Cleveland natives have, let’s say, mixed feelings about their city hosting the Republican National Convention. And tensions between police and small groups of protestors are continuing to grow.
The Cleveland Police Department mostly embraced the “soft cops” strategy, averting from the heavily armed police seen at protests since the riots in Ferguson in 2014. Police chief Calvin Williams has adopted a hands-on approach, which he described on Wednesday as “the way we do it here in Cleveland”.
Officers on bicycles are a mainstay of the convention, allowing police to respond quickly, cordon off streets and use them as walls or battering rams in heated moments.
Williams was personally present at both of the major protests on Tuesday and was again present in downtown’s Public Square on Wednesday afternoon.
“Personally, I like to be able to touch, smell, see exactly what’s going on and you can’t do that in our command centre,” he told Crikey. “You see the people coming voicing their first amendment concerns, or their second amendment and going about their business.”
The police presence at other protests around America in the last few years have informed the response in Cleveland. “If people are peaceful and walking there’s no need for police in protective equipment,” Calvin said.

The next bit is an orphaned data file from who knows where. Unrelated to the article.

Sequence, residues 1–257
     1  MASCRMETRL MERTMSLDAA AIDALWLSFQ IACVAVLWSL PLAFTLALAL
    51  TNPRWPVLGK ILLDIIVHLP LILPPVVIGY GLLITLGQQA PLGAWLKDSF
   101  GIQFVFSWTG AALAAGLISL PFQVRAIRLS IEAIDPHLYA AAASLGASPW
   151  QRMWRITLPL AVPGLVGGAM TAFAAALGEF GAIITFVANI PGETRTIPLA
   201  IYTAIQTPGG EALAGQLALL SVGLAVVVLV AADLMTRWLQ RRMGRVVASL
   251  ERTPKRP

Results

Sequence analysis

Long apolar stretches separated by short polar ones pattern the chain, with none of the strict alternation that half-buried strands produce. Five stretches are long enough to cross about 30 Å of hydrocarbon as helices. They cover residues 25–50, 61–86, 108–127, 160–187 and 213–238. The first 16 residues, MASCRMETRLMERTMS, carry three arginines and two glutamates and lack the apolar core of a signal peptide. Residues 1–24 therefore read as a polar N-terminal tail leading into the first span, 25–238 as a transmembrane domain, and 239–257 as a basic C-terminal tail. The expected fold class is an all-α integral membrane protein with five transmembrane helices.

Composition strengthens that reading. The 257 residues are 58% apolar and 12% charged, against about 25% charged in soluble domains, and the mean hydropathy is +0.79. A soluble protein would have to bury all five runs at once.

Twenty minutes drive from downtown in Cleveland Heights, the large groups of police, protestors, convention attendees and media are missing. Even this far out, local Brian DeWitt said police asked for access to his hardware store’s rooftop. DeWitt says having the Republicans in town is “great for Cleveland” but he “wouldn’t vote Republican if you paid me”.
“I’m gay. Their anti-gay stances for 40 years, 50 years, they’ve been that way and they’re worse about it now because they have been sliding to the right.”
Megan See, a server at the local diner Tommy’s, was born and raised in Cleveland. “In some way it’s exciting because it brings in people from all over,” she told Crikey. “It is bringing in a lot of negative things, for instance like the amount of police. Being a native of this area, I don’t find it comforting or safe at all.”
Suzanne Degaetano, owner of Cleveland Heights bookstore Mac’s Backs, says cops are “dying to put their best foot forward and be a responsible police force. We’ve had so many problems with the police in our town.
“I know a lot of people are just going to downtown to kind of witness and look and observe and see all the different points of view. A lot of local activists have put together just incredible programming, so really that’s what we’ve been engaged in.”
Her store hosted author and cartoonist Ted Rall on Tuesday night. Rall has published a series of biographic graphic novella on Donald Trump, Bernie Sanders and Edward Snowden. Rall, a native from Dayton, Ohio, was downtown on Wednesday afternoon personally selling and signing copies of the novellas.
When Crikey caught up with him he said Ohio could use “any kind of economic stimulus it can get. Even if it does presage the collapse of American democracy.
“It’s sad to come here, because I live in New York, and every time I come back to Ohio I just see more factory closings, more buildings closed, more unemployment, just less; less.”
Where Rall is selling his book, just outside “media lane” close to the convention entrance, the mood is festive as vendors sell souvenirs and buttons. In the surrounding blocks, outdoor furniture for some cafes and restaurants has been removed, with police choppers circling overhead.